Saturday, July 1, 2017

Prayer for Canada or From Shore to Shore

Happy 150th, Canada!

Take time today to reflect on why you are a thankful Canadian! 

 The above articles are printed in a Special Edition from The Wellington Advertiser to celebrate Canada's 150th Birthday!

From verdant sweep and fresh sea deep
And Rocky mountain grandeur
From rolling plain of rippling grain
To babbling brook meander
Lord, keep this land within Thy hand
And we, who troll its river
From shore to shore, let us adore
Oh Canada, Thy Giver

From solitude of winter’s wood
To spring’s green welcome wending
To summer’s flower bowers filled
And autumn-orchards bending
Lord, keep this land within Thy hand
And we who till its acre
Let us adore from shore to shore
Oh Canada, Thy Maker

This bit of loam that we call home
Of wild-life, still-life forest
Of maple tree and liberty
City and country glorious
Lord, hear our prayer and lend Thy care
To we, of sundry weather
From shore to shore and door to door
Bless Canada forever

Lord, let us guard with loyal heart
And love, one for another
This true north strong and free, that we
May all be sister-brother
Lord, bless and keep us kind and true
And in your Mercy grounded
And not forsake the faith whereon
*This Canada was founded

© Janet Martin

* Cartier resolved to take formal possession of the country, and to indicate, in a conspicuous manner, that he did so in the name of the King, his master, and in the interests of religion. With these objects in view, on Friday, July 24th, a huge wooden cross, thirty feet in height, was constructed, and was raised with much ceremony, in sight of many of the Indians, close to the entrance of the harbor; three fleurs-de-lys being carved under the cross, and an inscription, "Vive le Roy de France." (Long live the King of France)The French formed a circle on their knees around it, and made signs to attract the attention of the savages, pointing up to the heavens, "as if to show that by the cross came their redemption." 


By Thomas D’Arcy McGee


In the sea-port of Saint Malo ’twas a smiling morn in May
When the Commodore Jacques Cartier to the westward sailed             away;
In the crowded old Cathedral all the town were on their knees
For the safe return of kinsmen from the undiscover’d seas;
And every autumn blast that swept o’er pinnacle and pier

Filled manly hearts with sorrow and gentle hearts with fear.


A year passed o’er Saint Malo—again came round the day
When the Commodore Jacques Cartier to the westward sailed             away;
But no tidings from the absent had come the way they went,
And tearful were the vigils that many a maiden spent;

And manly hearts were filled with gloom and gentle hearts with fear
When no tidings came from Cartier at the closing of the year.            


But the Earth is as the Future, it hath its hidden side,
And the Captain of Saint Malo was rejoicing in his pride
In the forests of the north—while his townsmen mourned his loss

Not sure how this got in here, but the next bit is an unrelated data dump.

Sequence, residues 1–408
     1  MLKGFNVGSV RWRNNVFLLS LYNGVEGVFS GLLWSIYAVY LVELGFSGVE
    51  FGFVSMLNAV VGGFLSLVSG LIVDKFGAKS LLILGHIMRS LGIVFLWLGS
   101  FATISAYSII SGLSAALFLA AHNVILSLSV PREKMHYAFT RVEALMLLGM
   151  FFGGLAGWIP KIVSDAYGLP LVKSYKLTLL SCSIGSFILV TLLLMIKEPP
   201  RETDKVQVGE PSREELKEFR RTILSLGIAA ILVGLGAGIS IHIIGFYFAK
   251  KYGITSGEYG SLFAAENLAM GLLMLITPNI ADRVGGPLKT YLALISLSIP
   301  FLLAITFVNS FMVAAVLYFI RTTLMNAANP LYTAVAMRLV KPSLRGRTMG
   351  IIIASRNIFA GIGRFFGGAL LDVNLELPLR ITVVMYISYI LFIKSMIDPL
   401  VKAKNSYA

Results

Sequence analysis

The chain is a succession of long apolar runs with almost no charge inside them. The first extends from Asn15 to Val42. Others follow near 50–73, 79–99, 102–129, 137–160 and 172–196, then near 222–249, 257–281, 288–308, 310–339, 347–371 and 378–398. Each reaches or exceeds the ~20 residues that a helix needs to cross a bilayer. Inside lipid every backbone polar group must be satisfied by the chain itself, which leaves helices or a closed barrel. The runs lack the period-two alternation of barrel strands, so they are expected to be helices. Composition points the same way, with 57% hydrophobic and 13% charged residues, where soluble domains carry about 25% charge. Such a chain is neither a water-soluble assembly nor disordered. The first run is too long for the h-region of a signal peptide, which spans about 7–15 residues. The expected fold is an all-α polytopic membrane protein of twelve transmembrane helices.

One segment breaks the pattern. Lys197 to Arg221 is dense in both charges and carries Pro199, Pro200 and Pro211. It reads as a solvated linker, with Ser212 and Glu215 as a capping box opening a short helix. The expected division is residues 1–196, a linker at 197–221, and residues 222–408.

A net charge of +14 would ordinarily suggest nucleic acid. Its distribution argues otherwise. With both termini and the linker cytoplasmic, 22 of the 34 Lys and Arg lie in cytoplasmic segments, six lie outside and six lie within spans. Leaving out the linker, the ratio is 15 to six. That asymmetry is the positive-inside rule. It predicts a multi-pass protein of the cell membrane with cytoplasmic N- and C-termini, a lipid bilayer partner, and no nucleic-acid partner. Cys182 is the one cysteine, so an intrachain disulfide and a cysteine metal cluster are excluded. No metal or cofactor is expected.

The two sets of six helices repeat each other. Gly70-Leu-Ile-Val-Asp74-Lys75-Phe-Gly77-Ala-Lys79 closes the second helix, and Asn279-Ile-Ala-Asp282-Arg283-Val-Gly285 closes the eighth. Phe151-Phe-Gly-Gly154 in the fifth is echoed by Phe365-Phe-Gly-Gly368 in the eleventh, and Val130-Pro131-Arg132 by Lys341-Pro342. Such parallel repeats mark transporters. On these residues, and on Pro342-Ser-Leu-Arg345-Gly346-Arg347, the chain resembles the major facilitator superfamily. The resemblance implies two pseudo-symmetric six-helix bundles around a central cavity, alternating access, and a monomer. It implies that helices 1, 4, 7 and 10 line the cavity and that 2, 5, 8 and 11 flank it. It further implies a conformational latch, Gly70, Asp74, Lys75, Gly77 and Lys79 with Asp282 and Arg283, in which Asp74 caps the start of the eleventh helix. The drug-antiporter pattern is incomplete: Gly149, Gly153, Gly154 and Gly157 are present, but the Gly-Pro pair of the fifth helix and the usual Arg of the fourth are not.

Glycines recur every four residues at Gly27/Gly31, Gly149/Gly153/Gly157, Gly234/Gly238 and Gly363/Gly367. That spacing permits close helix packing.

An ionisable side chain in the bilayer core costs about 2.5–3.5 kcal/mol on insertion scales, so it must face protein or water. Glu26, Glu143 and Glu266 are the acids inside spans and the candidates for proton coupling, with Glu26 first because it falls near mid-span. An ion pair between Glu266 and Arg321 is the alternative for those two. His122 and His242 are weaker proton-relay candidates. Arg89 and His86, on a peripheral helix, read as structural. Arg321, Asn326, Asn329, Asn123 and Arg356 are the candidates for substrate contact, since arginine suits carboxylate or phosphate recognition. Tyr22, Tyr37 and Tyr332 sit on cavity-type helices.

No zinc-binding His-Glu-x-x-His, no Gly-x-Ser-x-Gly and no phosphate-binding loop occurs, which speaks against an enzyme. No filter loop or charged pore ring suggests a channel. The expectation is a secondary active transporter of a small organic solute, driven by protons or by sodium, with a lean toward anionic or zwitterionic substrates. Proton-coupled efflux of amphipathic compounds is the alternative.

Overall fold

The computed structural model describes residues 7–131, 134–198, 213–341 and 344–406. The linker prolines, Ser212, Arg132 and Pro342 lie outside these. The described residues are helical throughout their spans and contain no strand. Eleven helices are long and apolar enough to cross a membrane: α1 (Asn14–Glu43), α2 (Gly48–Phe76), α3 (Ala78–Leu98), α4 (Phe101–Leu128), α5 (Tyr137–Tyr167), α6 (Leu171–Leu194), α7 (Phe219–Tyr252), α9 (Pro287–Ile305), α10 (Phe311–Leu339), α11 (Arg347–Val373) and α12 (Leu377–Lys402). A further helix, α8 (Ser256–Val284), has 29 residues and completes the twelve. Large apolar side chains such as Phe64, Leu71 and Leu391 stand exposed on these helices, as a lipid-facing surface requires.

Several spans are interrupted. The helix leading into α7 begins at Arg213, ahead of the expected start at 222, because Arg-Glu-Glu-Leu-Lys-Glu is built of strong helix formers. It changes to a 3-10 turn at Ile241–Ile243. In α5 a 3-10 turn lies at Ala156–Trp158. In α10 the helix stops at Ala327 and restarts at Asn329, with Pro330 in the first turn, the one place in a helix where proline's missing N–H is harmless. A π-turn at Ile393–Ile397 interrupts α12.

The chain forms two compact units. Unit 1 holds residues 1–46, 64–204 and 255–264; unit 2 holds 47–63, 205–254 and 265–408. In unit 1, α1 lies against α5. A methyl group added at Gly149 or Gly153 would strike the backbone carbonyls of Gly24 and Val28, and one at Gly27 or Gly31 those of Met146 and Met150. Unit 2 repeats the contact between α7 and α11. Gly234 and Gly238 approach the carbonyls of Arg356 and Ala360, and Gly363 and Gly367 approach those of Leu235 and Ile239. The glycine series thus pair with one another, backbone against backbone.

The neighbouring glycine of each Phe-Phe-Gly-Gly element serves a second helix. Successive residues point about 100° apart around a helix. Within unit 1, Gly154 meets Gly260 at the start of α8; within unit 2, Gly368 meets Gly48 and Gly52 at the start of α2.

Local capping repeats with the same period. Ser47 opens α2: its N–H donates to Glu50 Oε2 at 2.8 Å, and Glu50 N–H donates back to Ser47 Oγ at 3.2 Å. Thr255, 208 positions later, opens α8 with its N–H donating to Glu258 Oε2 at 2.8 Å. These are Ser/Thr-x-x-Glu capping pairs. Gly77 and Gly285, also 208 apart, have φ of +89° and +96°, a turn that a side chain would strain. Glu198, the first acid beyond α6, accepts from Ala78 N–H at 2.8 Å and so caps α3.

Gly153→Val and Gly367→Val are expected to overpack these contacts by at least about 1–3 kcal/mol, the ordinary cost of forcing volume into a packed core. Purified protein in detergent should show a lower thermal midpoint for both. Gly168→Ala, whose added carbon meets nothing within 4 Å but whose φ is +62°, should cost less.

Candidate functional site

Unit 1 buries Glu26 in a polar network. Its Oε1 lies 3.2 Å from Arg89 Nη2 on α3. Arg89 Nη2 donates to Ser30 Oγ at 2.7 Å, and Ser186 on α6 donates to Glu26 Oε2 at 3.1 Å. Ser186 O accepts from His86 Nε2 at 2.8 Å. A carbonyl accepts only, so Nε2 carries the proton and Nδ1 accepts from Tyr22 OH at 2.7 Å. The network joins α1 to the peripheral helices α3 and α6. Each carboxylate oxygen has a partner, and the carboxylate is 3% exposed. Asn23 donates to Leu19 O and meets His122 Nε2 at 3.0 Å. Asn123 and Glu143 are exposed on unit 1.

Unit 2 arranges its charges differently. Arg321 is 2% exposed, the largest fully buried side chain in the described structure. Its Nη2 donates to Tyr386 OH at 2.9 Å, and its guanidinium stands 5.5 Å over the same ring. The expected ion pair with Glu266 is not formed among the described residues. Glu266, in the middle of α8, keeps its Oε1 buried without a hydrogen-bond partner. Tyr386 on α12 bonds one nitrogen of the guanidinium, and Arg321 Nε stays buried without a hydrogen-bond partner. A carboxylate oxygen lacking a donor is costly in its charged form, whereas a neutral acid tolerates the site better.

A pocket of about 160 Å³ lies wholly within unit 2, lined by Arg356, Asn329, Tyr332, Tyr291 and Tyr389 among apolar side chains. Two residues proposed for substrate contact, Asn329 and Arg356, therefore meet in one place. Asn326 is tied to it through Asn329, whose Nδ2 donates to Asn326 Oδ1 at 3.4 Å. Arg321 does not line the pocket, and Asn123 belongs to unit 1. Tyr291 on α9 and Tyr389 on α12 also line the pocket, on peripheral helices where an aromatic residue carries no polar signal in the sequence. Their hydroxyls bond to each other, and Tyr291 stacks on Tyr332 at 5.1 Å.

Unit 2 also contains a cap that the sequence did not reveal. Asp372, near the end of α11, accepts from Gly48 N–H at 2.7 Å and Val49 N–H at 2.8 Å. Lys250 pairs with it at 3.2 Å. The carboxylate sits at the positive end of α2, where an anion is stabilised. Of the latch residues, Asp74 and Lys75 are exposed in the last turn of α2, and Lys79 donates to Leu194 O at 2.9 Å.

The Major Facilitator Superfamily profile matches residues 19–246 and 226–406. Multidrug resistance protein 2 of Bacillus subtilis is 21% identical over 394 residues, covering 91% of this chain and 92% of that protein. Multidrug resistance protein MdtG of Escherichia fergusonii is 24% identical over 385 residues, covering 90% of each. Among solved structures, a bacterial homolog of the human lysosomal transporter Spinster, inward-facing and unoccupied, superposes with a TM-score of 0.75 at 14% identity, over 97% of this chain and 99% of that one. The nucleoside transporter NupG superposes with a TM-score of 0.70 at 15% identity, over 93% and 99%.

He was rearing on Mount-Royal the fleur-de-lis and cross;
And when two months were over and added to the year,
Saint Malo hailed him home again, cheer answering to cheer.


He told them of a region, hard, iron-bound and cold,
Nor seas of pearl abounded, nor mines of shining gold,

Where the wind from Thulé freezes the word upon the lip,
And the ice in spring comes sailing athwart the early ship;
He told them of the frozen scene until they thrill’d with fear,
And piled fresh fuel on the hearth to make him better cheer.


But when he chang’d the strain—he told how soon is cast

In early Spring the fetters that hold the waters fast;
How the Winter causeway broken is drifted out to sea,
And the rills and rivers sing with pride the anthem of the free;
How the magic wand of Summer clad the landscape to his eyes,
Like the dry bones of the just, when they wake in Paradise.


He told them of the Algonquin braves—the hunters of the wild,
Of how the Indian mother in the forest rocks her child;
Of how, poor souls, they fancy in every living thing
A spirit good or evil, that claims their worshipping;
Of how they brought their sick and maim’d for him to breathe

And of the wonders wrought for them thro’ the Gospel of St.


He told them of the river whose might current gave
Its freshness for a hundred leagues to ocean’s briny wave;
He told them of the glorious scene presented to his sight,
What time he reared the cross and crown on Hochelaga’s height,

And of the fortress cliff that keeps of Canada the key,
And they welcomed back Jacques Cartier from his perils over sea. 


Now therefore fear the Lord and serve him in sincerity and in faithfulness. 
Put away the gods that your fathers served beyond the River and in Egypt, and serve the Lord.  
And if it is evil in your eyes to serve the Lord, choose this day whom you will serve, whether the gods your fathers served in the region beyond the River, 
or the gods of the Amorites in whose land you dwell. 
But as for me and my house, we will serve the Lord.”
 Joshua 24:15-16 

1 comment:

Thank-you for stopping by my porch! I hope you were blessed by the visit! I welcome and appreciate, if thought you care to speak; the value and the input of compliment or critique